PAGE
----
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Thursday, 10 October 2013

The Girls Friendly Society


The Girls' Friendly Society was founded in England in 1875 by Mary Elizabeth Townsend an Irish Clergyman's daughter.
The girls could join the society aged  12 but in 1882 the age was lowered to 8.  the Society was  originally set up to protect young working girls, and run almost entirely by women. 

By 1880 the society had nearly 40,000 and over 13,500 Associates. Queen Victoria also became the Society's Patron in the same year.
Members benefits included cheap, good quality accommodation for women working in domestic Service, mills and Factory's.


By 1900 the GFS had over 150,00 members and nearly 33,000 Associates in 1,361 branches . 
Most members were domestic Service workers but teachers, nurses, clerks, students, and workers in refreshment bars, mills, factories and warehouses were also members.

The society magazine in 1875 was called The Girls' Friendly Society Reporter and by 1883 it had been renamed to Friendly Leaves. the latter had a monthly circulation of 46,000.
Popular books and pamphlets were also produced such as Every Day Thoughts and, GFS Rules of life which was first published in 1895. 
The outbreak of the First World War and its aftermath resulted in a decline in Members' employment and membership numbers. In the decade following the War the Society expanded its activities in many other directions.
In 1921, the Society acquired Argyll House, a hostel originally established by the Deptford Council for Youth. It took in homeless girls and women and those escaping domestic violence.

The Society's Golden Jubilee in 1925 was celebrated, amongst other activities, with a pageant, The Quest, performed in the Albert Hall by six hundred Members and attended by Queen Mary and Princess Mary.
By 1925, the Society had 66 Homes and Hostels in England and Wales.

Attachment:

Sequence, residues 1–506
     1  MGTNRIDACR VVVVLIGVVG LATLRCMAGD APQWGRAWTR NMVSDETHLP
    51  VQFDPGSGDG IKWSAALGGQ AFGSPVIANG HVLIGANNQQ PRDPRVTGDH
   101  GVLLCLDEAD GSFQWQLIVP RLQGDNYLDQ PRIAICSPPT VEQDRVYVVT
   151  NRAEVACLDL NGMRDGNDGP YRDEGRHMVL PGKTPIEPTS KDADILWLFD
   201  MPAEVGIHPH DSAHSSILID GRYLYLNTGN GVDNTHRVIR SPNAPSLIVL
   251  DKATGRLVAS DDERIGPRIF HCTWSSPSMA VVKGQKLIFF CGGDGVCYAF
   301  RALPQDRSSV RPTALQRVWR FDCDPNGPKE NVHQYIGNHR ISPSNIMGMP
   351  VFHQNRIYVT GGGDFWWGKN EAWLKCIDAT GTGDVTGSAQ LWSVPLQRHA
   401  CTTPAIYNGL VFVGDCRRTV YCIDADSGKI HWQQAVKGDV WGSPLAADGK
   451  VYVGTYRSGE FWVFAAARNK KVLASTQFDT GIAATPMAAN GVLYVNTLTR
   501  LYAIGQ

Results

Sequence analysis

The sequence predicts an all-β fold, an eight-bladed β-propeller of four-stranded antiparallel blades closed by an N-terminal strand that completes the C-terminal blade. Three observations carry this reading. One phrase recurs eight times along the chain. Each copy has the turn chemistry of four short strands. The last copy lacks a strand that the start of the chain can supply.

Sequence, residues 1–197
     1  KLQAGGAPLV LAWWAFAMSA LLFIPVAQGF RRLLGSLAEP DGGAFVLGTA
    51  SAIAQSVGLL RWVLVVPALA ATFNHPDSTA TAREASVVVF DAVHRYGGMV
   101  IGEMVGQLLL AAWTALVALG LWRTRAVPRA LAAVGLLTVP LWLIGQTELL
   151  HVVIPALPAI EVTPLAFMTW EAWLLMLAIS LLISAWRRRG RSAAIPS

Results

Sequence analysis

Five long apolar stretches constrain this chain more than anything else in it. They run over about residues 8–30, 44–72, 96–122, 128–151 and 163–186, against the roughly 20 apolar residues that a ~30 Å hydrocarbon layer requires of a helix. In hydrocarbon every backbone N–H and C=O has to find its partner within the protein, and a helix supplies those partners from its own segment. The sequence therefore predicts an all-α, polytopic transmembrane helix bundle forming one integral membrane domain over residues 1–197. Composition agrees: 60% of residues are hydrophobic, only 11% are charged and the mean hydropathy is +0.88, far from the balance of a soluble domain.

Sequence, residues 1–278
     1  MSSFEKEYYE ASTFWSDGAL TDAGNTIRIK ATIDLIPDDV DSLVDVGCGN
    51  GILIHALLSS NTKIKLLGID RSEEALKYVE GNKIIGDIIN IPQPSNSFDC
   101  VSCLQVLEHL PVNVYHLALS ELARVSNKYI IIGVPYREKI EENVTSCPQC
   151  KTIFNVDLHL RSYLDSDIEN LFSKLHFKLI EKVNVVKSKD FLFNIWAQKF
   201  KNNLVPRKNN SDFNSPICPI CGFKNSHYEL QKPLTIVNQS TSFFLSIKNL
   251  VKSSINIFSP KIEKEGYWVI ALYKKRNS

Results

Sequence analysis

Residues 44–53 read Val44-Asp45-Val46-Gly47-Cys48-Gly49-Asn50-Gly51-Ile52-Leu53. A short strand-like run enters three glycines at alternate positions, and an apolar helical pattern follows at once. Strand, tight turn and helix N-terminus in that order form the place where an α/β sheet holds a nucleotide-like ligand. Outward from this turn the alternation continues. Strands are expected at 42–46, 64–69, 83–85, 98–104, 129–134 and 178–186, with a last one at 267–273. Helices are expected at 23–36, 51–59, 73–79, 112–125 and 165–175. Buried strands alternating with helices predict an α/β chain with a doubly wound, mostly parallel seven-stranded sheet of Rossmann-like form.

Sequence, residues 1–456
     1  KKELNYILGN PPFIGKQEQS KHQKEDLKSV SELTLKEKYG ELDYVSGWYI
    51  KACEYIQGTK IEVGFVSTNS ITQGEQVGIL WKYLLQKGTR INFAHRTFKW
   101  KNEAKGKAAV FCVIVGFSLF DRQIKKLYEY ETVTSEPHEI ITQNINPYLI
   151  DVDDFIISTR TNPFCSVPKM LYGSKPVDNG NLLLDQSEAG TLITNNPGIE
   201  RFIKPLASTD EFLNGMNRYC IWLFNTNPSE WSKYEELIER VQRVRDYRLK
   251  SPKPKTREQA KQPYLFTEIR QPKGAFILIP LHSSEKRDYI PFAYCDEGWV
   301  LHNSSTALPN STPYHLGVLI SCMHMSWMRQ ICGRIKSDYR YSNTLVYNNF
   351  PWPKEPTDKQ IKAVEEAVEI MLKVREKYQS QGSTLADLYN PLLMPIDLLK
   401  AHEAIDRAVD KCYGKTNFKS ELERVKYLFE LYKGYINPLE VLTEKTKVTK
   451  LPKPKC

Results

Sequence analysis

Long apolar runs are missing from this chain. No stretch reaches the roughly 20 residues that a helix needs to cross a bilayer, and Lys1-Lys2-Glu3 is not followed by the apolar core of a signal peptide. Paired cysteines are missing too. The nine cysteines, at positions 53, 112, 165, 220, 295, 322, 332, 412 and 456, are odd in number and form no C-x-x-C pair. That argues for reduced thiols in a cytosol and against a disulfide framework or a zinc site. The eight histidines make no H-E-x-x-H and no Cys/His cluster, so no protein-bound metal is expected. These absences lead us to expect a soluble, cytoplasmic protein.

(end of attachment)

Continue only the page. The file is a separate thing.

Further innovations followed in 1926 with the first GFS continental holiday party, which visited Brussels, and the Society's first promotional film, In Friendship's Name, which was shown around the country.
From 1939 the Society threw itself wholeheartedly into the War effort. A War Emergency Committee again raised money for clubs and hostels for women working on the Home Front, while the Branches undertook various tasks from helping with evacuees to 'adopting' a mine sweeper!
In 1942, GFS launched its War Training Scheme for girls aged 14-18 which was taken up by Youth Committees and Education Authorities. The training covered a variety of subjects from ARP Techniques to Poultry Keeping. The League of Skilled Housecraft, in conjunction with the Board of Education and London County Council, also introduced a Youth Wartime Section to provide housecraft training for 16-18 year old girls.
GFS also increased its missionary work overseas with, in 1951, 25 missionaries in Africa, Japan, India, Pakistan and Iran.
World Council was formed in 1955 to promote fellowship between the members of the Society throughout the world by the exchange of information and ideas and in 1959 the first World Project was launched, helping to support a GFS worker in Mombasa. The World Council agreed to meet every 3 years and Queen Elizabeth the Queen Mother was asked to become the Society's World Patron.
In 1964 the Society launched a Development Scheme to extend its work at home and abroad. There was an ever increasing need for residential hostels for girls in the large cities and new facilities were opened in Birmingham, Swindon and Bristol, with an emphasis on self-catering accommodation. In 1967 the Society opened another hostel in Kensington accommodating about 40 girls, many from the Royal Ballet School.
GFS made an emphatic return to its original focus on young working women, but with a modern edge. It launched 'Girls at Work' courses and opened lunch clubs for young working women. The 'Girls at Work' syllabus included fashion, make-up and etiquette, budgeting and interview techniques and the courses, sponsored by employers such as Marks & Spencer and Metal Box Company, were attended by factory and office workers, shop assistants and laboratory technicians.
TIn 1989 a community project was established in Great Yarmouth, offering ante and post-natal advice, education, childcare and supported housing to young mothers, to reduce isolation, build self-esteem and increase employability. It also trained the young women to talk to local school pupils about the reality of young parenthood, relationships and contraception. Success led to similar projects in Skegness, the Isle of Wight and south London, all areas of social deprivation.
The Society today is very different from that of its heyday. It no longer offers accommodation except a supported-shared house for young mothers in Great Yarmouth and there are currently 33 Branches running across the country.
And yet, there is continuity. The Branches still encourage friendship and understanding between females of different generations and cultural ethnicities. The importance of Christian values has been maintained and through the community projects GFS continues to support the most vulnerable young women.









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